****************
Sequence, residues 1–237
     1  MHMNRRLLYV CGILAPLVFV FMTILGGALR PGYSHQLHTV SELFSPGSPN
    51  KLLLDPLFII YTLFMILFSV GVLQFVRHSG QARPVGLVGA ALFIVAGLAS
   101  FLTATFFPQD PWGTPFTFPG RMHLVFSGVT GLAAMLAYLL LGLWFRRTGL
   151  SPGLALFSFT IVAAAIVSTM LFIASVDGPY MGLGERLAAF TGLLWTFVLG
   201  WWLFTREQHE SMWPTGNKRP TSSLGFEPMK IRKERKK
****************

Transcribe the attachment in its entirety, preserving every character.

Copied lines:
Sequence, residues 1–237
     1  MHMNRRLLYV CGILAPLVFV FMTILGGALR PGYSHQLHTV SELFSPGSPN
    51  KLLLDPLFII YTLFMILFSV GVLQFVRHSG QARPVGLVGA ALFIVAGLAS
   101  FLTATFFPQD PWGTPFTFPG RMHLVFSGVT GLAAMLAYLL LGLWFRRTGL
   151  SPGLALFSFT IVAAAIVSTM LFIASVDGPY MGLGERLAAF TGLLWTFVLG
   201  WWLFTREQHE SMWPTGNKRP TSSLGFEPMK IRKERKK